The decade of the 1950s is generally considered television's golden age. In addition to Reginald Rose, this period produced such well-known writers as Paddy Chayefsky, Robert Alan Arthur, and Rod Serling. One significant controversy within the medium during this era centered around the comparison of filmed versus live-program formats. This debate grew into broader issues, such as New York versus California as production centers (live broadcasts originated primarily from New York), the aesthetic value of different dramatic styles, and disputes over the constraints of commercial censorship. The commonly held perception of the superiority of live television or TV shows over cheap, genre-based thirty-minute telefilms can be explained in part by television's drive to compete against the older industries of radio and movies. It was commonly held that the key technological advantage of television over the motion picture was TV's capacity to convey a performance as it was happening. In this regard, television offered a unique product—a synthesis of the immediacy of live theatrical performance and the visual strategies (primarily close-up shots) of film. As a result, the prominence and prestige accorded to writers of live television drama were often contrasted with the plight of writers working in feature films and filmed television. In 1957 Rod Serling, a prominent writer of live television, compared the prestige associated with it to filmed television: “The writer of the filmed television play was never and is not now an identifiable name in terms of the audience. This is in sharp contrast to the New York live television writer who has been granted an identity, importance and respect second only to the legitimate playwright” (Serling in Boddy, p. 88).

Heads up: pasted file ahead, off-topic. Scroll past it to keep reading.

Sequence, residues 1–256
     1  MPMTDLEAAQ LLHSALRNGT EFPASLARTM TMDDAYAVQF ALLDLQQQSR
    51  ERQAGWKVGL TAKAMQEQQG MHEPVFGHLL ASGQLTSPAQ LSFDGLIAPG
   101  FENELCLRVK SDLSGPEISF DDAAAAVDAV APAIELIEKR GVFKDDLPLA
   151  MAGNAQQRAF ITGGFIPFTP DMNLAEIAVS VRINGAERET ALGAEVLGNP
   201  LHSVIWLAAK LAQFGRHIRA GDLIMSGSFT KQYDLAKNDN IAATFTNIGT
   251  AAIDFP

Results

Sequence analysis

Although Reginald Rose wrote many films, he began as a writer of live television, and as Twelve Angry Men illustrates, he tailored his craft to the particular strengths of the medium. He used narrow, often indoor settings, and he centered his conflicts on small but crucial individual moral choices. In 1950, would-be television playwrights were advised more or less to do just that: “[A] good television script must be simple to produce,” with sets that are “few and inexpensive,” and “special effects should be avoided in instances where simpler methods would be just as dramatic” (Kaufman and Colodzin in Boddy, p. 83). Three years later, another writer cautioned that “live TV is limited in scope: that is, it cannot depend upon broad panorama, colossal montages, or the thrill of the hunt or chase to help the limping script” (Boddy, p. 84).